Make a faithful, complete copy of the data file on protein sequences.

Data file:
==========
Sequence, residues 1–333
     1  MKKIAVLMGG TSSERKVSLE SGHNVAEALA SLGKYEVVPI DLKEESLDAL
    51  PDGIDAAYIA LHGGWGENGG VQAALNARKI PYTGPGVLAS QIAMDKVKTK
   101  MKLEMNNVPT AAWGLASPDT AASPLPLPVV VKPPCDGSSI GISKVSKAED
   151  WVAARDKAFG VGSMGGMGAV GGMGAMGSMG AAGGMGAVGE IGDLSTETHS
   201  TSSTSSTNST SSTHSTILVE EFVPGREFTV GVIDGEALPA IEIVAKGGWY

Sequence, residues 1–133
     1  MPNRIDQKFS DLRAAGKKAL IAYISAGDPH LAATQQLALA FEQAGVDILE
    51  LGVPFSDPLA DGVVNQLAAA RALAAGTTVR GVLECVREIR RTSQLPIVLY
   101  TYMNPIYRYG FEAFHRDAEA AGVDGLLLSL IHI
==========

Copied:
Sequence, residues 1–333
     1  MKKIAVLMGG TSSERKVSLE SGHNVAEALA SLGKYEVVPI DLKEESLDAL
    51  PDGIDAAYIA LHGGWGENGG VQAALNARKI PYTGPGVLAS QIAMDKVKTK
   101  MKLEMNNVPT AAWGLASPDT AASPLPLPVV VKPPCDGSSI GISKVSKAED
   151  WVAARDKAFG VGSMGGMGAV GGMGAMGSMG AAGGMGAVGE IGDLSTETHS
   201  TSSTSSTNST SSTHSTILVE EFVPGREFTV GVIDGEALPA IEIVAKGGWY

Sequence, residues 1–133
     1  MPNRIDQKFS DLRAAGKKAL IAYISAGDPH LAATQQLALA FEQAGVDILE
    51  LGVPFSDPLA DGVVNQLAAA RALAAGTTVR GVLECVREIR RTSQLPIVLY
   101  TYMNPIYRYG FEAFHRDAEA AGVDGLLLSL IHI